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Achieving Accreditation in Echo, Nuclear and Vascular Robert Skotnicki, D.O., F.A.C.C. Achieving Accreditation in Echo, Nuclear and Vascular Robert Skotnicki,

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Presentation on theme: "Achieving Accreditation in Echo, Nuclear and Vascular Robert Skotnicki, D.O., F.A.C.C. Achieving Accreditation in Echo, Nuclear and Vascular Robert Skotnicki,"— Presentation transcript:

1 Achieving Accreditation in Echo, Nuclear and Vascular Robert Skotnicki, D.O., F.A.C.C. Achieving Accreditation in Echo, Nuclear and Vascular Robert Skotnicki, D.O., F.A.C.C.

2 Outline 1.What is the Intersocietal Accreditation Commission? 2.Why do we need Accreditation? 3.AC history 4.Where do we start? 5.Where do we find help? 6.How much does Accreditation cost? 7.What are the Application essentials? 8.Any Tips or Quips from AC experience?

3 Accreditation achieved through:  Intersocietal Commission for the Accreditation of Echocardiography Laboratories in Echo (ICAEL)  Intersocietal Commission for the Accreditation of Nuclear Medicine Laboratories in Nuclear Imaging (ICANL)  Intersocietal Commission for the Accreditation of Vascular Laboratories (ICAVL) Under the auspices of the Intersocietal Accreditation Commission Under the auspices of the Intersocietal Accreditation Commission

4 What is an Intersocietal Commission on Accreditation (IAC)? Accreditation (IAC)?  IAC founded on April 5, 1997  Seven years after the Intersocietal Commission for the Accreditation of Vascular Laboratories  Prompted by the incorporation of the  Intersocietal Commission for the Accreditation of Echocardiographic Laboratories  Followed later in the same year by Intersocietal Commission for the Accreditation of Nuclear Medicine Laboratories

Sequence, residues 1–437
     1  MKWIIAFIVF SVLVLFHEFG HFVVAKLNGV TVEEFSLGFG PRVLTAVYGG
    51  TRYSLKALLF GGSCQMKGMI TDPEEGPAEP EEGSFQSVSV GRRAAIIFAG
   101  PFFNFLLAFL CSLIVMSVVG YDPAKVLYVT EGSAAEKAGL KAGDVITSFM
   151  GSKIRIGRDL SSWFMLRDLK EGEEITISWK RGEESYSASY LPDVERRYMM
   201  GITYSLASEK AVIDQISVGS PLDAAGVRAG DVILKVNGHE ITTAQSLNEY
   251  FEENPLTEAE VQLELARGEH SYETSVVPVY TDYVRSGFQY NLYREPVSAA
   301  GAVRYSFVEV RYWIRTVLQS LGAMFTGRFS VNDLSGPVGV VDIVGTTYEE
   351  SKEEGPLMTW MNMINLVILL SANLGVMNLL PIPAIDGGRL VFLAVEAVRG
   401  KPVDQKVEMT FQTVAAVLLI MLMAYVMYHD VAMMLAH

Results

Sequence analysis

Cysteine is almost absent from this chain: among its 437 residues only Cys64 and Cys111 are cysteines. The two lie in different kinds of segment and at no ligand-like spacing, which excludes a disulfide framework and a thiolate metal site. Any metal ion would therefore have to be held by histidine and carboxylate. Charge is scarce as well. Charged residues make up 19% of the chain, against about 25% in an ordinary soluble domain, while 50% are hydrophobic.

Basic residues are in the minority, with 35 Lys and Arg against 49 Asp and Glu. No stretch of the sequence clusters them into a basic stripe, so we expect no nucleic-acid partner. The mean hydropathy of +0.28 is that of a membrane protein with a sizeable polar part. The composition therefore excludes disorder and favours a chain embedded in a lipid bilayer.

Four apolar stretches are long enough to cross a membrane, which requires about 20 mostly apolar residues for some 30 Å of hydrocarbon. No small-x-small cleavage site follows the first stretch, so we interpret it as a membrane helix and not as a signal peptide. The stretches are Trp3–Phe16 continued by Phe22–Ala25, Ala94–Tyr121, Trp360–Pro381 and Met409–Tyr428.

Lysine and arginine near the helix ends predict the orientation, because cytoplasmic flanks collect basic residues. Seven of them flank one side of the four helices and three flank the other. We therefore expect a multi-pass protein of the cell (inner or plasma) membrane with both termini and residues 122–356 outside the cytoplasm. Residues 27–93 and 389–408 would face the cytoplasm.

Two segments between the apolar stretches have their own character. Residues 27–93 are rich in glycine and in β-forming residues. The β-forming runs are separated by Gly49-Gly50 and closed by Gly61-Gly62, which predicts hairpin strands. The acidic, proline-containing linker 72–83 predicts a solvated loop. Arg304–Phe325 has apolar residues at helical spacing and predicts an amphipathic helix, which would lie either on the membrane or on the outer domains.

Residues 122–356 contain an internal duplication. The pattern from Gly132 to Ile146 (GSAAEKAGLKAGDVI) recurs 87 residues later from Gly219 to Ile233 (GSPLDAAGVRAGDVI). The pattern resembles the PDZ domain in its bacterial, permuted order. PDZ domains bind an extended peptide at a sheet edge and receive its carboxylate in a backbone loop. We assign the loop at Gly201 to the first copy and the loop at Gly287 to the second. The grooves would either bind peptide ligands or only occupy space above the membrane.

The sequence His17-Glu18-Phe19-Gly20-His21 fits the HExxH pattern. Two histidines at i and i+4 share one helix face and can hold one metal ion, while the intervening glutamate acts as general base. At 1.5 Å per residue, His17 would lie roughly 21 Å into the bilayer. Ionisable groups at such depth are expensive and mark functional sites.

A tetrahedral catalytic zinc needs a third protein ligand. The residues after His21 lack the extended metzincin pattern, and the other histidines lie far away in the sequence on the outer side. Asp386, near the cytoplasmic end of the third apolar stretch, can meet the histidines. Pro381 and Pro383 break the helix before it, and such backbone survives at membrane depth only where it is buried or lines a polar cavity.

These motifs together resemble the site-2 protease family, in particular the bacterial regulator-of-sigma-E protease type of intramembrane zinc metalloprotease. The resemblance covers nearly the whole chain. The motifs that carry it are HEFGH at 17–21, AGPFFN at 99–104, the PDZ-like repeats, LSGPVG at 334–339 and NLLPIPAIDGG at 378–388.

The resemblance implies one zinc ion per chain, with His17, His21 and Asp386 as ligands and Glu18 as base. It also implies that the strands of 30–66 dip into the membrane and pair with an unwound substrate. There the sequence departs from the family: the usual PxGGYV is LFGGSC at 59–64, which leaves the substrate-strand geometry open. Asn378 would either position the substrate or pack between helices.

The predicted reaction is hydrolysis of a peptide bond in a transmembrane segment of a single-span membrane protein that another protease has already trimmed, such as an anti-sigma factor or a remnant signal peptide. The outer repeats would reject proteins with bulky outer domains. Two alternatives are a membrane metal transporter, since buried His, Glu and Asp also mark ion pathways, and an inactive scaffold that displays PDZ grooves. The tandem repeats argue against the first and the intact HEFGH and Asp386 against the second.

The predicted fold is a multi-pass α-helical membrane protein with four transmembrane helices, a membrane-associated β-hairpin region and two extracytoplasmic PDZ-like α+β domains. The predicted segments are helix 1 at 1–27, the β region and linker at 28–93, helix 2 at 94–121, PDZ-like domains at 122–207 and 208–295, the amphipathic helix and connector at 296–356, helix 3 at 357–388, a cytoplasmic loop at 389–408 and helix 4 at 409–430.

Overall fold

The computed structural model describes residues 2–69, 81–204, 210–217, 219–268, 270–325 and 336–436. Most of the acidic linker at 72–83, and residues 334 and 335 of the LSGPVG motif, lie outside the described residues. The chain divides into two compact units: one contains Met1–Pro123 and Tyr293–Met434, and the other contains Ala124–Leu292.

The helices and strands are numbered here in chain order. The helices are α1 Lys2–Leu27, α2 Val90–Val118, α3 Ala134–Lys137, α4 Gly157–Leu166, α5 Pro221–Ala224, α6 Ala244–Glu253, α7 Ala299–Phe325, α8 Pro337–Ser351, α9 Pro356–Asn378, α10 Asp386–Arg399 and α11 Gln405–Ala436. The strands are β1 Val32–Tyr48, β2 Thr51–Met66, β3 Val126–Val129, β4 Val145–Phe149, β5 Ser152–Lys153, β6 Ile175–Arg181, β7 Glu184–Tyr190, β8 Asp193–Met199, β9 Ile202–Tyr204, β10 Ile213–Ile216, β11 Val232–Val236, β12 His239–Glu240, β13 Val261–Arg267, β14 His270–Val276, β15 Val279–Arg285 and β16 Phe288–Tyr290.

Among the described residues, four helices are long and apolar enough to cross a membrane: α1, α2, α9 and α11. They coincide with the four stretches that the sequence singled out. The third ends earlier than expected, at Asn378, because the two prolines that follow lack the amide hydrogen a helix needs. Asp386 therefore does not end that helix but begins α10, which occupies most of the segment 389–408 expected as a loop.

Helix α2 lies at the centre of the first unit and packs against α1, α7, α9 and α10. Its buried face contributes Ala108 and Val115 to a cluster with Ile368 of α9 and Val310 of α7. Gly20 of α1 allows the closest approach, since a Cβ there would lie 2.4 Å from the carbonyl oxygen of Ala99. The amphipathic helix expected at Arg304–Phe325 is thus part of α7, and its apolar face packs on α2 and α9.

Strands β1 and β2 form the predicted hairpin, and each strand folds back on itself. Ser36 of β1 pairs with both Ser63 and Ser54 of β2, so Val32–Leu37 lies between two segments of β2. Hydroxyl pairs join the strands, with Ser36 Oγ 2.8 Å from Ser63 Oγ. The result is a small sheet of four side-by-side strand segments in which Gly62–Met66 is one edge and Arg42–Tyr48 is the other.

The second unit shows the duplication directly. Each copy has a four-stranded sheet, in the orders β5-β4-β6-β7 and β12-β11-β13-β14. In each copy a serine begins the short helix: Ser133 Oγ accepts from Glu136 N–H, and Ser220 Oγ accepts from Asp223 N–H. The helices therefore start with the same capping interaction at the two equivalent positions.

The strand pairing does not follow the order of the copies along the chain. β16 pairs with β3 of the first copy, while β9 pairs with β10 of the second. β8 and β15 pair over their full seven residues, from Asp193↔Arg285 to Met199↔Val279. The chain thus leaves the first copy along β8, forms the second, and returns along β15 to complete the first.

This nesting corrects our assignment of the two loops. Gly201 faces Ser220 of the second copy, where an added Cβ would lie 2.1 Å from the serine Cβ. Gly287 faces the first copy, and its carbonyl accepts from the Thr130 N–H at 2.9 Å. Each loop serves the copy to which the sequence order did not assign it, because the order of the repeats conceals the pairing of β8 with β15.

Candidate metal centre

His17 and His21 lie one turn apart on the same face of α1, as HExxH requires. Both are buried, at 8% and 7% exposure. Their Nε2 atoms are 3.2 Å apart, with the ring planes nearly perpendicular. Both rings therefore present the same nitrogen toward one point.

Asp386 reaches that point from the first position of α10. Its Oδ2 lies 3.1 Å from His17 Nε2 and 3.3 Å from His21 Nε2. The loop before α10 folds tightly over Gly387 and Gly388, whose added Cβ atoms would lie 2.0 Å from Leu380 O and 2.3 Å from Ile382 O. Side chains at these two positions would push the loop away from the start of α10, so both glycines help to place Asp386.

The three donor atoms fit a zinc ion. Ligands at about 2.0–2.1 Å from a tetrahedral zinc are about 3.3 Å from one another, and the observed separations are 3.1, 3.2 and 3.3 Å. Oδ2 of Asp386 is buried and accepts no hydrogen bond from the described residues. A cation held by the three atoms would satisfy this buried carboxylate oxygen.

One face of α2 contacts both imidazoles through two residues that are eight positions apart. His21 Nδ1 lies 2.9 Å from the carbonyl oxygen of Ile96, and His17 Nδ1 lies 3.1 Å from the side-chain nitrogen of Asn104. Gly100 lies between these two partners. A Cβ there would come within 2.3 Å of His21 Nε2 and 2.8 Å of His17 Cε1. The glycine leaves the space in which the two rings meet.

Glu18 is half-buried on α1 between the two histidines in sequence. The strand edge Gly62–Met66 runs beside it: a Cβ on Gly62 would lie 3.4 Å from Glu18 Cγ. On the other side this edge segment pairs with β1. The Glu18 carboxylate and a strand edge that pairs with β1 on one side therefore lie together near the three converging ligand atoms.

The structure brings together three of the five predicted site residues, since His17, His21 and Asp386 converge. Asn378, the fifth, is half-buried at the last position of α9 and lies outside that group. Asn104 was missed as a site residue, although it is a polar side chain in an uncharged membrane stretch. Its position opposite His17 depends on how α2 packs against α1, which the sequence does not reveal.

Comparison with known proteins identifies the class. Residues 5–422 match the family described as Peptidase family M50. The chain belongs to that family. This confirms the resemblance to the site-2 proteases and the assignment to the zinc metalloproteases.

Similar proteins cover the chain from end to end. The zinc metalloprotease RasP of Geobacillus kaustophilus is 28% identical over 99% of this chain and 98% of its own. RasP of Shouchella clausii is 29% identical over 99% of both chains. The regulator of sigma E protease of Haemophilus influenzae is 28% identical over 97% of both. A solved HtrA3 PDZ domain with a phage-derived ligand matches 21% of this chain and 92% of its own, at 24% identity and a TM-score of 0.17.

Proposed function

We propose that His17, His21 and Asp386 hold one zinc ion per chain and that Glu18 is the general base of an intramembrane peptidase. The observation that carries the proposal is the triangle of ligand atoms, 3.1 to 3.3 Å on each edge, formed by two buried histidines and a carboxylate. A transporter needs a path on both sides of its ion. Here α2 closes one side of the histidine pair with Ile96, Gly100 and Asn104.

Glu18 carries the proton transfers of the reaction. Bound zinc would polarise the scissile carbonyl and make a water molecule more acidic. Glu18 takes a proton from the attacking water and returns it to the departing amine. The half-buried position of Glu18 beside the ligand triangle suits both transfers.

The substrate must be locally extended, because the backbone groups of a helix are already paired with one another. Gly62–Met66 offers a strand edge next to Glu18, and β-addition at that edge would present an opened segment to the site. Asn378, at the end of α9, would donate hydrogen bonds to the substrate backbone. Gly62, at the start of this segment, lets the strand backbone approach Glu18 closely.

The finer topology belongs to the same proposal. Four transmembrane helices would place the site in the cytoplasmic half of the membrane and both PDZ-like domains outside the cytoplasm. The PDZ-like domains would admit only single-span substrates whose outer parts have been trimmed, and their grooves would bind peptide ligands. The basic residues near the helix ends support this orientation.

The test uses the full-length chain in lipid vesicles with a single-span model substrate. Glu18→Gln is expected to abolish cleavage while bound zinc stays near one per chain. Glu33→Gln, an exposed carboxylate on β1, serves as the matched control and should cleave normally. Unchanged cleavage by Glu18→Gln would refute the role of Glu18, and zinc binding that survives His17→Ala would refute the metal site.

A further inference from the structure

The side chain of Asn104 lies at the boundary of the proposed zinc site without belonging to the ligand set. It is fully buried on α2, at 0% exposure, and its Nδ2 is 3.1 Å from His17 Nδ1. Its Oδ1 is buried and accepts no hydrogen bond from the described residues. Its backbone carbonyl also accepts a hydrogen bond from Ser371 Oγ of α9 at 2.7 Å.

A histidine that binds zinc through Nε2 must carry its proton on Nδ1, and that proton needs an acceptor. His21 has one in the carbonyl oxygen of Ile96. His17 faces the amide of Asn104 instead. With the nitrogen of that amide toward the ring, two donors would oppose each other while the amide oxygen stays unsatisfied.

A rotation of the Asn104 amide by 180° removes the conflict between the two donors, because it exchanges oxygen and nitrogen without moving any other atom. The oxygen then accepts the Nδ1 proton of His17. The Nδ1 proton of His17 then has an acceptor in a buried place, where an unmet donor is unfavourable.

5 The Intersocietal Accreditation Commission Is composed of:  The past president of all Commissions  The current president of all Commissions

6 The Intersocietal Accreditation Commission (IAC) provides oversight to:  Intersocietal Commission for the Accreditation of Echocardiography Laboratories  Intersocietal Commission for the Accreditation of Nuclear Medicine Laboratories  Intersocietal Commission for the Accreditation of Vascular Laboratories  Intersocietal Commission for the Accreditation of Computed Tomography Laboratories  Intersocietal Commission for the Accreditation of Magnetic Resonance Laboratories

7 Intersocietal Commission for the Accreditation of Echocardiography Labs  American College of Cardiology  American Society of Echocardiography  Society of Diagnostic Medical Sonographers  Society of Pediatric Echocardiography  Consultant  Technical Manager  CEO

8 Intersocietal Commission for the Accreditation of Nuclear Laboratories  Academy of Molecular Imaging  American College of Cardiology  American College of Nuclear Physicians  American Society of Nuclear Cardiology  Society of Nuclear Medicine - Technologist Section - Technologist SectionCEOPhysicist